I first showed you this Water-elm, Planera aquatica, last month. I did an initial styling on it, as it had grown out well following collection in July.

I mentioned that I would be slip-potting this tree come spring. Today as I was checking the stock, I noticed that one of the Water-elms we collected last summer is pushing buds now. I’m convinced we have an early spring ahead of us, and seeing buds on a Water-elm at this time of year just serves to support that whole idea. The species is not generally one of the first to wake up.

Now, with that said it’s worth exploring one of the more interesting challenges of working with collected trees, and that’s the initial potting. You see, trees in the wild are almost always collected for their trunks. That’s it. Why? Because it’s relatively easy to correct root issues with your trees, and to grow an entire branch structure. This can be done in four or five years. But if you don’t start off with a good-sized trunk with good taper and character, you could be looking at a decade or more to develop these features.

With that said, there’s also another thing to bear in mind when potting your collected tree for the first time. Unless you’ve taken the time to thoroughly document what your tree looks like with naked roots following collection, you will forget any peculiarities the tree came with. Rediscovering those at the time of potting brings a new dimension to the challenge of first bonsai pot.

Now it’s time to select the intended pot. One thing you’ll find out as you gain experience in bonsai (for those of you just starting out) is that there are virtually limitless choices of pots for any given tree you’re working with. Some are better suited, to be sure, but you do have plenty of latitude when you’re making your selection. As long as the pot fits dimensionally, and the color is suitably complementary, go for it! There’s a very high probability that over time you’ll change pots one or more times. Nothing wrong with that at all.

Today my choice was this very nice rustic piece by Lary Howard. I think it’s going to suit this particular tree quite well.

First the tree has to come out of its nursery pot. This is where you find out what lies beneath the soil surface. It’s also where you begin to adjust your ideas about how the tree is going to sit in the pot, for those cases where your original plan just isn’t going to happen.

In this case, both trunks of this twin-trunk specimen are fed from a major root lying under the right-hand trunk. No problem with this horticulturally, of course. But it completely changes how the tree is going to sit in the pot. Actually in a good way, as it turns out.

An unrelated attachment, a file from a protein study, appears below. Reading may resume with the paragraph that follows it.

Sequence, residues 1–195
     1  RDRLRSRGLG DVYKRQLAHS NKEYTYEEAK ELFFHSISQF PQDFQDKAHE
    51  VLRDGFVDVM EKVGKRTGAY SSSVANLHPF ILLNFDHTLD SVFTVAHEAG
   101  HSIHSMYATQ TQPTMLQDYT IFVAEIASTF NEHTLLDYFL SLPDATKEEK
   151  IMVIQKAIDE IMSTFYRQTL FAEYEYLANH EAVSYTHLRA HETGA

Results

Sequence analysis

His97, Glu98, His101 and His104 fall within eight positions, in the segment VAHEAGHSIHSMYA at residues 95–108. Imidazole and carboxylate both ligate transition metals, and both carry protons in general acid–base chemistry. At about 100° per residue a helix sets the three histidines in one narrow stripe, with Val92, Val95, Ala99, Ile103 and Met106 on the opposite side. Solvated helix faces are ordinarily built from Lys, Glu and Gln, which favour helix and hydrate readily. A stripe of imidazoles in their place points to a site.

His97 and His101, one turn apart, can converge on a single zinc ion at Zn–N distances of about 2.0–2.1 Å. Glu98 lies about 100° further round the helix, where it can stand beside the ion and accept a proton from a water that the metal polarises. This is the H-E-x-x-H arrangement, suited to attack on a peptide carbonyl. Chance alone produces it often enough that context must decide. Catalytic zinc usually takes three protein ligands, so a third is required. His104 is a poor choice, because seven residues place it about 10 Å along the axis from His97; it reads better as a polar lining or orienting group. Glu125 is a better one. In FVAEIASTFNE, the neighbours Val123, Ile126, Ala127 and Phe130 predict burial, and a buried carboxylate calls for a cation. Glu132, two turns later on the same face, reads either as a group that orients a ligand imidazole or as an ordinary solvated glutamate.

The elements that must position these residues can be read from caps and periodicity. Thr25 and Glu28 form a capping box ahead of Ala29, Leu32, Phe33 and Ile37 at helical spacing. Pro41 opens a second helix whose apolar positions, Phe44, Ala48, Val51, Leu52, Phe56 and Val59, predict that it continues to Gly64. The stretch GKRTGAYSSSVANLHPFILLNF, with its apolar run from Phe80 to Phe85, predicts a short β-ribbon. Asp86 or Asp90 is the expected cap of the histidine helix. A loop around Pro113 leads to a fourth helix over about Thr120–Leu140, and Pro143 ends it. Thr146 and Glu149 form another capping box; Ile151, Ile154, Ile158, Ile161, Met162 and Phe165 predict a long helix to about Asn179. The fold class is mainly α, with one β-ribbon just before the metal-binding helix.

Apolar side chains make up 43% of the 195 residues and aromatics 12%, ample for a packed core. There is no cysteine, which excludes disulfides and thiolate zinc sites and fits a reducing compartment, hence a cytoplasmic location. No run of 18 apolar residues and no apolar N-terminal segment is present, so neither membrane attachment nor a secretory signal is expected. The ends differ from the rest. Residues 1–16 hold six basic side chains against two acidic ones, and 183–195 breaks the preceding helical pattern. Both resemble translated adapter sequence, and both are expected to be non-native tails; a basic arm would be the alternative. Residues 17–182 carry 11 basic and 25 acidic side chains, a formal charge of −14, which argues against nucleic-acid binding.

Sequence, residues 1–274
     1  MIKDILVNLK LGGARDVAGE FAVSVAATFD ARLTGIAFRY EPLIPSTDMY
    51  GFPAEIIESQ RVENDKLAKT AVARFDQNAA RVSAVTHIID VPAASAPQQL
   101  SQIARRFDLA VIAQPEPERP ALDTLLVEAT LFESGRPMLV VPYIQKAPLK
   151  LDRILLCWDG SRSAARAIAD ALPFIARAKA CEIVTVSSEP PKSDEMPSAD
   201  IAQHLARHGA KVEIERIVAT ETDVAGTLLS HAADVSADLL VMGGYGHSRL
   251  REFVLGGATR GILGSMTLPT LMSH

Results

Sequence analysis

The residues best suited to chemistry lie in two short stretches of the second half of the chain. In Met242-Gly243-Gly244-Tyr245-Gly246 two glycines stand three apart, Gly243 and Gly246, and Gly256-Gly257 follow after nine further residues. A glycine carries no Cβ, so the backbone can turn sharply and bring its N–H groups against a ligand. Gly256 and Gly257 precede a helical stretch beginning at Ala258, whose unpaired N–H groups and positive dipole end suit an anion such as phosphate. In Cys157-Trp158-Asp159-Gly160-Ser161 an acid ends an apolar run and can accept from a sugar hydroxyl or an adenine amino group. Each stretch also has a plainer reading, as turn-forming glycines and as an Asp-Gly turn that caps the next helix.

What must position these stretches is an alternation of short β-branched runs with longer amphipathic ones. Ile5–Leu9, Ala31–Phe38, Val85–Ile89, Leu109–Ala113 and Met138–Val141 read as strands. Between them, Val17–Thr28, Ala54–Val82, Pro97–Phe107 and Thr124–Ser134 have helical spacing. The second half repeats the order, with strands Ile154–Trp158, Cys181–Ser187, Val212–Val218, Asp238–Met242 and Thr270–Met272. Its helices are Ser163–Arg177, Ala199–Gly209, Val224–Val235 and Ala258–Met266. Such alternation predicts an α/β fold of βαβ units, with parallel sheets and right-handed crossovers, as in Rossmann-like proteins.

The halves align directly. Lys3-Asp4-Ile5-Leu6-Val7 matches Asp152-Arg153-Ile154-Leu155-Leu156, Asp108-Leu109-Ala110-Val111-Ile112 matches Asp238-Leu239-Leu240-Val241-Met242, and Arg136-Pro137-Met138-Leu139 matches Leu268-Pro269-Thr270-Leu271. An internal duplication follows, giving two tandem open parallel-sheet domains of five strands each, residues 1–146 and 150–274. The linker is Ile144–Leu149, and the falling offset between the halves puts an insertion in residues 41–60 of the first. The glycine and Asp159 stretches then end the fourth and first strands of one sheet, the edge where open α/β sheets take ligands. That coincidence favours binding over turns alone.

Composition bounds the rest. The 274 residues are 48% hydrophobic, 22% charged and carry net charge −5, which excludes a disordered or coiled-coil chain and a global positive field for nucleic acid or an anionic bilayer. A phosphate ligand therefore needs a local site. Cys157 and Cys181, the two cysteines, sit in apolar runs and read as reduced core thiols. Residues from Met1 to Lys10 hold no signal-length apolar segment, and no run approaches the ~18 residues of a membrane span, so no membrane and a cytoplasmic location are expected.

You can’t see it too well in this photo, but the tree grew a huge amount of root last summer and fall. So much so that I have to remove a significant amount in order for the tree to fit the pot. Is this going to cause any harm to the tree? It shouldn’t. This is spring, after all, and it’s about time for roots to start growing again. I’ve found that when you do a root-pruning and potting/repotting in late winter/early spring, it stimulates the tree to go ahead and push buds and new root growth. So I expect this tree to leaf out fairly soon after today’s work.

How about this! Looking at the first photo above, did you picture the tree getting potted at this angle? I sure didn’t. What’s more, I think the tree has suddenly gained a lot of character and artistry in its configuration in the chosen pot. What was going to be a nice bonsai is now even better, as I see it.

But there are two minor issues with this tree as it sits. The first is, I need it to be closer to the right edge of the pot. This planting position is all right, but not perfect. Given the amount of root on the right-hand side of the tree, there’s a challenge in how close to the right edge I can place the tree. But I need to squeeze it on over.

The second issue is the lean of the tree. It’s certainly not bad – it actually does need to lean. But not quite this much. So I’ll use soil placement to help with this.

I think this looks much better. I’ve tucked some soil under the left-hand trunk, and this has pushed the tree just a little more upright.

I still have the problem with tree placement, however.

Compare this photo with the one above. I’ve managed to slip the tree over to the right just a half-inch or so. It makes all the difference in the world. Now the tree is placed correctly in the pot. Draw an imaginary triangle from the tip of the tree down both sides of the tree to the earth. I think the balance and asymmetry is just right.

Now all of the root space is filled with soil. Always be careful to work the soil into the open spaces. A chopstick is ideal for this work.

Well-placed moss is always helpful in retaining moisture in the root zone. This is especially important when you first pot a tree in a bonsai pot, as they tend to dry out more readily than a nursery pot will. Also in this case, the tree does not yet have its root mass fully established.

And finally, the tree is all watered and ready for spring. The only thing left to do is give it some food, which the tree will need very soon.

Each trunk is 1.5″ at the base, and the tree is about 16″ tall from the soil surface.

Let me know what you think of today’s effort.